A life-changing career
04 November, 2019
Dr Golnar Aref-Adib’s first encounter with psychiatry wasn’t exactly perfect – but thanks to a stimulating psychiatry placement as a GP trainee, and supportive mentors, she found her way to a fantastic career spanning both academia and acute care.
If you’d asked me at the beginning of my medical training whether I’d ever ‘choose psychiatry’, the answer would have surely been no. After all, I had my eyes set on a completely different path. But almost 10 years on, I’m one of the field’s most passionate champions.
Here’s the story of how I changed my mind.
An unfortunate introduction
My first encounter with psychiatry in a professional context wasn’t the most inspiring, consisting of a cancelled ward round and shadowing a senior housing officer for half a day. At the time, I had no real understanding of what psychiatry was and was determined to follow a surgical pathway like my mother and grandfather before me.
Sadly, there was a great deal of (sometimes very strange) misinformation around about the field – for example, I was told by other junior doctors that all psychotropic medication caused constipation and pelvic pain and that if I had a psychiatry placement then I would spend my time doing rectal and vaginal examinations! So I remember actively avoiding any foundation posts that involved psychiatry, and instead chose an FY1 and FY2 that was heavy on surgery and emergency medicine.
The more time I spent operating however, the less I enjoyed it. The operations began to feel the same and medicine lost its sparkle. Even within emergency medicine, I felt that the shortness of breath and chest pain patients were merging into one – not a welcome feeling. My questions were monotonous, the investigations and management categorical and absolute: it just wasn’t a good fit for me.
My favourite placement was general practice. I was based in a small town in the Midlands and enjoyed getting to know the patients and their families. The practice saw that I was enjoying talking to and managing people with anxiety and depression, and gave me the flexibility to have longer appointments exploring their symptoms and offering management beyond only antidepressants.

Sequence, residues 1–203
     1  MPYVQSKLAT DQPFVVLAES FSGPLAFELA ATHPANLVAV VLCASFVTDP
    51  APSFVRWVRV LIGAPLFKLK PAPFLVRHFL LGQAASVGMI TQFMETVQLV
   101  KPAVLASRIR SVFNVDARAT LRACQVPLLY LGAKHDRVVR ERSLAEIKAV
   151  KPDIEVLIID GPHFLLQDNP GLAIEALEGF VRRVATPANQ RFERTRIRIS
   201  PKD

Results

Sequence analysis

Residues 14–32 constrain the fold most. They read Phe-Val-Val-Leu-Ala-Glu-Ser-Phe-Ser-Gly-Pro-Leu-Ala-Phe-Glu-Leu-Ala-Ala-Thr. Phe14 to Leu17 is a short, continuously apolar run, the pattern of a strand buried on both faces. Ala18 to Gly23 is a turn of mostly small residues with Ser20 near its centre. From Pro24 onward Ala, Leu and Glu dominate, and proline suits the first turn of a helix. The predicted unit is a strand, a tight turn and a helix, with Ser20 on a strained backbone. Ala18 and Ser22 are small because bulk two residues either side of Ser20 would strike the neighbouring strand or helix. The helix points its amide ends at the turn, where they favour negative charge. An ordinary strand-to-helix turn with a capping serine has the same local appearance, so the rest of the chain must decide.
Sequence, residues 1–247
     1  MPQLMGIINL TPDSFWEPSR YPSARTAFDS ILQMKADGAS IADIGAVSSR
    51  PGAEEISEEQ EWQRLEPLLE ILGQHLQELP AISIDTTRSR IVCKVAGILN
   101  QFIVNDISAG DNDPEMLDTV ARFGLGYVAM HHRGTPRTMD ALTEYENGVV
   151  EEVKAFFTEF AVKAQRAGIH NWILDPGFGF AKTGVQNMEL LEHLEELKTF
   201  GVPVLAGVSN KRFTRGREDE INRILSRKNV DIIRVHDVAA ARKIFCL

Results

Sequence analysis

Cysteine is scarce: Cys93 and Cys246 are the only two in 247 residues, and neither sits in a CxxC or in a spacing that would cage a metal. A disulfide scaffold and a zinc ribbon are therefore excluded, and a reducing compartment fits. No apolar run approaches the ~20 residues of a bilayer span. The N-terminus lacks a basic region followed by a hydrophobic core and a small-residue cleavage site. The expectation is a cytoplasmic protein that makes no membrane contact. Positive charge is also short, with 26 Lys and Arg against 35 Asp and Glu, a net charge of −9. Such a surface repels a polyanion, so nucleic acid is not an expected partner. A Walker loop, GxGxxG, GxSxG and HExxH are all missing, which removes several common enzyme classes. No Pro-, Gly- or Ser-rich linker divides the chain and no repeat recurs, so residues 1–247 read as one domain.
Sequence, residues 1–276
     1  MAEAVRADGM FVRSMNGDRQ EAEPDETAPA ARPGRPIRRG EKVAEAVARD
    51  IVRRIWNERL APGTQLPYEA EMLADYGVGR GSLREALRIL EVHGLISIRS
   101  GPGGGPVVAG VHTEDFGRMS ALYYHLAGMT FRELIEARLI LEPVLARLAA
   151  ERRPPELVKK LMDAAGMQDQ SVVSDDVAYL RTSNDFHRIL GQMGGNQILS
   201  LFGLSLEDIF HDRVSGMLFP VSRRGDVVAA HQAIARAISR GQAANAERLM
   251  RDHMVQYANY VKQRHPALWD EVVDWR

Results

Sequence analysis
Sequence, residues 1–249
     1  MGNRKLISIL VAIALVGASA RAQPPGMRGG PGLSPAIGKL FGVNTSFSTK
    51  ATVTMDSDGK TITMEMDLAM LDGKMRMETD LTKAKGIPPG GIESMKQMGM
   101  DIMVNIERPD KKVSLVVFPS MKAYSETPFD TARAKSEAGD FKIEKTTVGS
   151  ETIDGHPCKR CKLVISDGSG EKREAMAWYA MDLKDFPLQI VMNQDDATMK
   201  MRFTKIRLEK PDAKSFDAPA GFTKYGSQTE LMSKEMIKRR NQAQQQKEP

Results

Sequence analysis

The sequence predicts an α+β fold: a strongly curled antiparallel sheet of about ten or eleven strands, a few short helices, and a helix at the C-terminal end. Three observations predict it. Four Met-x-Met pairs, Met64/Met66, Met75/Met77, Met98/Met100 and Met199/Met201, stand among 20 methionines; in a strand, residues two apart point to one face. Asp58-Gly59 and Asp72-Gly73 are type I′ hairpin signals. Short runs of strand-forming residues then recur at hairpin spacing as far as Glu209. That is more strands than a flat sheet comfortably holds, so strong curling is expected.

Then, as part of GP training, I had a psychiatry placement. Again though, I was tripped up by more misinformation – all the higher GP trainees were advised to do the psychiatry placement last in order to coincide with the GP exams, as “psychiatry is the easiest placement”.
As luck would have it though, I was assigned to psychiatry first in an inpatient unit in London and after the first two weeks of misplaced fear (I used to hold my panic alarm constantly), I became more fascinated by my patients and their stories. I felt like an investigative reporter trying to work out what led them to become destabilised, and how we could best support them.
Finding my passion
It was during this psychiatry placement that everything fell into place. I loved the opportunity (just as I had in my GP placement) to talk to families, friends, and carers, and to think together with patients not just about medication but also about self-care, family dynamics and social circumstances.
I loved the weekly supervision, the Balint group (where trainees would reflect on clinical encounters with a supervisor), and the chance to take on psychotherapy cases. It was a prolific six months, and I came out feeling as if I had seen the light. On the first day of my next placement, I applied for core psychiatry training. I have never ever regretted my decision, and I never will.
In what other speciality can you spend an hour assessing a new patient, making sense of their experiences, and think holistically with them about all aspects of their life? In what other speciality would you see the vast range of illnesses from mania to obsessive-compulsive disorder; from psychosis to depression; from eating disorders to addictions?
But the best part of all is that because of their early childhood, their experiences, their relationships, every patient is unique: their narrative is their own.
I even enjoyed revising for the exams, because they were interesting, relevant, exciting (this was a first for me!). In another twist of fate, in my final year of core training I worked for an academic psychiatrist. I hadn’t realised that they existed or how they worked. He recognised that I enjoyed thinking about psychiatry beyond individual patients – to the delivery of care on a larger scale – and encouraged me to apply for an academic psychiatry position.
Joining the academy
I am now an ST6 NIHR academic clinical Fellow in psychiatry, doing research at UCL and working in an acute day unit in north London. I have absolutely loved psychiatry training and completed an MSc in Mental Health Sciences research and a postgraduate diploma in Cognitive Analytic Therapy.
During my training I have had two children and have been extremely well supported whilst working part-time and when returning to work after maternity leave. I have seen GP, medical, surgical colleagues affected by burn out, stress and their own mental health issues. Psychiatry training – which provides weekly supervision, a Balint group, psychotherapy training – maximises trainees’ resilience, whilst also encouraging independence and growth as a clinician.
So this is a call out for any medical students or doctors who love stories, people and thinking outside the box. If this is you, then consider psychiatry – it may just change your life.